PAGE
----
Your Writing Voice

I’ve been seeing a lot of articles and blog posts on voice. As in, how to find yours, develop your own recognizable style. Most of these posts talk about writing lots and lots as the most sure-fire method to finding your voice. So true!

Writing Tip for Today: Here are some other considerations:
  • Follow the Rules, but Don’t Let Them Drown You. When writers attempt to master skills, their unique voices are often beaten out of them. By paying such careful attention to rules, you risk sounding just like everyone else. Some rules, such as the ones in Strunk & White’s Elements of Style, deserve our attention. Others, like not ever using sentence fragments might be broken for a good reason.
  • No Smoking Materials. Your unique voice loses impact the more you use generic or abstract terms. While you might be sensitive about saying “cigarette” twice in the same sentence, a reader will be more apt to follow a character who gets MORE specific (say, using a brand name or “smoke” in place of cigarette) than one who uses stilted or impersonal terms. “He lit his smoking materials and leaned back in his seating apparatus.” Sounds terrible! Not that any of you smoke these days, but you get the idea.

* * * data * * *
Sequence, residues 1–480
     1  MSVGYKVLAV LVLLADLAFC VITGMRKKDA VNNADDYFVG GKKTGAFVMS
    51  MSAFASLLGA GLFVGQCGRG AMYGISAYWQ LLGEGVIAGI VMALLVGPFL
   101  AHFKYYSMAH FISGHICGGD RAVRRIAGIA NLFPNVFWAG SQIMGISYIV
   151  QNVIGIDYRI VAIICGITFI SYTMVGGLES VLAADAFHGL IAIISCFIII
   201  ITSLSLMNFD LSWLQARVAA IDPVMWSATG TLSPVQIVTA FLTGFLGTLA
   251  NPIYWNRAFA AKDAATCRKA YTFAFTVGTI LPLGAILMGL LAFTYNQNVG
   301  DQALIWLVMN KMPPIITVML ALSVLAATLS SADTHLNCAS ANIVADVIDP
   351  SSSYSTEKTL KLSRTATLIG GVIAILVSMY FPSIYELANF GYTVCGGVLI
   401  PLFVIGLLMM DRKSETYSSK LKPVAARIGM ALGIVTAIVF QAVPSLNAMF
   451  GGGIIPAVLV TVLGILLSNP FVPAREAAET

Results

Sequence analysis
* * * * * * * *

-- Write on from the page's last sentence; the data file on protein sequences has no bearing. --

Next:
• Know Your Reader. I once had a fabulous writer tell me that for every book he writes, he makes a mental panel of 12 jurists–people he’d like more than any others to read and enjoy his work. He constantly refers to this panel, weighing his writing against these judges. If you are very certain of your audience, you know what your readers love, what turns them off, what makes them beg for more. If you are passionate about your writing, this will lead to your voice.

Next: More Tips on Developing Your Writer’s Voice.

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About Linda S. Clare

I'm an author, speaker, writing coach and mentor. I teach both fiction and nonfiction writing at Lane Community College and in the doctoral program as expert writing advisor for George Fox University. I love helping writers improve their craft and I'm both an avid reader and writer of stories about those with wounded hearts.

4 comments on “Your Writing Voice

  1. I learned in college that if I could find out what kinds of stuff my professor loved to hear, I could always get an A on a paper. Every professor was different, but this strategy never failed.

    Writing fiction is the same way. Pick your target audience, find out what they like to hear, and you’ll always get readers.

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